I have type 2 diabetes and am overweight. I want to get off my insulin and have decided to fast to lose weight and stop taking my insulin. I bought a cleanse and diet package. I do not want to go to my doctor because I am scared he will talk me out of it.
As a person living with Type 2 diabetes, you certainly can get your blood sugar levels to where you can go off your medication. I cannot emphasize enough, why you must work with a healthcare professional without sharing my personal loss with you.
In 2000, my mother, a type 2 for 13 years with an A1c of 10, passed away from diabetes complications. My Aunt Grace, not a blood relative, a close family member who was at my birth, attended my mother’s memorial. In my grief, I sat next to my Aunt Grace for comfort at my mom’s wake. I could see my Aunt was not feeling well. I asked her about her diabetes and if she had tested her blood sugar. She confessed that she did not have her blood glucose meter with her. My former husband, a type 1 for 45 years with no complications, tested her blood sugar. Her reading was over 600 mg/dl. Grieving the loss of my mother, I did not want to lose my Aunt Grace as I did my mother. I told her she needed to follow her healthcare professionals training on how to take insulin to bring her blood sugar down. She decided to inject injected 12 units of Novolog and waited an hour before taking her blood sugar reading the second time. To our surprise, one hour later, her blood sugar reading was still 600 mg/dl after taking 12 units of Novolog. She decided to inject another 12 units of NovoLog. Shortly after her second insulin injection, she left my mother’s memorial.
In my grief, I neglected to check up on her. I do remember saying Aunt Grace, “please speak to your healthcare professional to help you bring your blood sugar is in the normal range.”
Four months later, my best friend called me in tears, two days before her birthday to inform me that her mother, my Aunt Grace, passed away. She asked me to come to her mother’s house immediately. I asked my life long friend “what had happened?” She said that her mother decided to go off of her insulin by going on a fast. She did not discuss this with her physician in fear that her Western medical doctor would discourage her from an alternative way of managing her diabetes. As brilliant as my Aunt Grace was, she missed a crucial fact. Going off of insulin requires a gradual life style change. It does not happen over night. Especially, if you are taking insulin.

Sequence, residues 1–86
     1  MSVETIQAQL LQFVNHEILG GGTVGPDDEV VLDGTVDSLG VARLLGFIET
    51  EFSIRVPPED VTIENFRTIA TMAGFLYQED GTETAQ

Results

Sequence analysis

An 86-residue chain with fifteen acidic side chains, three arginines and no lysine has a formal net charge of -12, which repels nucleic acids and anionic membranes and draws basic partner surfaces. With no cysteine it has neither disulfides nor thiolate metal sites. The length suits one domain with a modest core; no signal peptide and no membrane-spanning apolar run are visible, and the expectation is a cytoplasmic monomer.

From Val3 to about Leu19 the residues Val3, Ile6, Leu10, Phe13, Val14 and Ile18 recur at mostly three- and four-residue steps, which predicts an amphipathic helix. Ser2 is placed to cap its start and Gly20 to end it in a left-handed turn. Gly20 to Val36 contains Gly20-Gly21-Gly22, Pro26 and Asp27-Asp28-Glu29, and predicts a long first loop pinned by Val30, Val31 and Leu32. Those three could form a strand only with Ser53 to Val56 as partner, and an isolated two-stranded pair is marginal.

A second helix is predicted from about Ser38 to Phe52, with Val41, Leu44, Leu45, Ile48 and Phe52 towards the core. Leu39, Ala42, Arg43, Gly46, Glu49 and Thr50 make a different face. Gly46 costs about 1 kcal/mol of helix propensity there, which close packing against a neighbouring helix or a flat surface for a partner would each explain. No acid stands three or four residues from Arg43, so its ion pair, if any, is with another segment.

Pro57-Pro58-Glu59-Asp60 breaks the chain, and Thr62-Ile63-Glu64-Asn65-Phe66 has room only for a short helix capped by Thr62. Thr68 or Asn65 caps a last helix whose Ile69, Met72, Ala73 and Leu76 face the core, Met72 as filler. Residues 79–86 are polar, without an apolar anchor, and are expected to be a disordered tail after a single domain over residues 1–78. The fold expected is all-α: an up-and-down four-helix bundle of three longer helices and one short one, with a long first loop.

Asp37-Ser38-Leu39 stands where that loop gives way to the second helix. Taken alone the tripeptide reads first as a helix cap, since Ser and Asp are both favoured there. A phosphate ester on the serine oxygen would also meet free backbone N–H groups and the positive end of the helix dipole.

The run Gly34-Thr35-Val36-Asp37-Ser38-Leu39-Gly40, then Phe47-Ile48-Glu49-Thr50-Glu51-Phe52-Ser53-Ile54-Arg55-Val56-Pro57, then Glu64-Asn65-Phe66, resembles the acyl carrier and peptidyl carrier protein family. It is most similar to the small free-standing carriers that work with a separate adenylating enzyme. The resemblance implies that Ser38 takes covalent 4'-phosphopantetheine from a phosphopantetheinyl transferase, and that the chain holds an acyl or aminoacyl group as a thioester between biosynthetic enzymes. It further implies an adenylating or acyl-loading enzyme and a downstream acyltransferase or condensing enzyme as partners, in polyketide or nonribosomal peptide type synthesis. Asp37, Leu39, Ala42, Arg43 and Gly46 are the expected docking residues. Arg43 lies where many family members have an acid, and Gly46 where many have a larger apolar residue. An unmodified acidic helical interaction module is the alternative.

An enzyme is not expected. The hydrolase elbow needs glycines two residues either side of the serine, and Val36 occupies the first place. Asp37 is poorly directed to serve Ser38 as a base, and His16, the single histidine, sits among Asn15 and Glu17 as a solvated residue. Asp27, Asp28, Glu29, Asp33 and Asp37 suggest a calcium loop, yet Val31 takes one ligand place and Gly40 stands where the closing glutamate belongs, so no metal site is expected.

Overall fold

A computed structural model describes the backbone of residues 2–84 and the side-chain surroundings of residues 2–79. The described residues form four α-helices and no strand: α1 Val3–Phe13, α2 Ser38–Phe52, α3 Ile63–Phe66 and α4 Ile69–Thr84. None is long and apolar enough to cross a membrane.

People that are diagnosed with type 2 diabetes are usually prescribed metformin. Once metformin losses its effectiveness in maintaining normal blood sugars, physicians will prescribe other medications until insulin is the last option.
Going off of insulin requires a lifestyle change. Going on a low carbohydrate diet and exercising is a good start. You must do this with the oversight of your healthcare professional. There are stages to changing medication dosing. As you change your diet, start exercising you may be less insulin resistant. Your healthcare professional will teach you how to adjust your insulin dosing in relation to your blood sugar reading.
Be safe. Best of all? You don’t need to do it alone.
Nothing is more gratifying for a healthcare professional than seeing their patients achieve better blood sugar control. Know that your healthcare professional is invested as you are in helping you achieve the outcomes that you so desire.
Nadia’s feedback to your question is in no way intended to initiate or replace your healthcare professional’s therapy or advice. Please check in with your medical team to discuss your diabetes management concerns.
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Nadia is a diabetes advocate that was not only born into a family with diabetes but also married into one. She was propelled at a young age into “caretaker mode,” and with her knowledge of the scarcity of resources, support, and understanding for people with diabetes, co-founded Diabetes Interview, now Diabetes Health magazine.
Nadia has received 14 nominations for her work as a diabetes advocate. She has been featured on ABC, NBC, CBS, and other major cable networks. Her publications, medical supply business, and website have been cited, recognized and published in the San Francisco Chronicle, The Wall Street Journal, Ann Landers advice column, former Chrysler chairman Lee Iacocca, Entrepreneur magazine, Houston News, Phili.com, Brand Week, Drug Topics, and many other media outlets.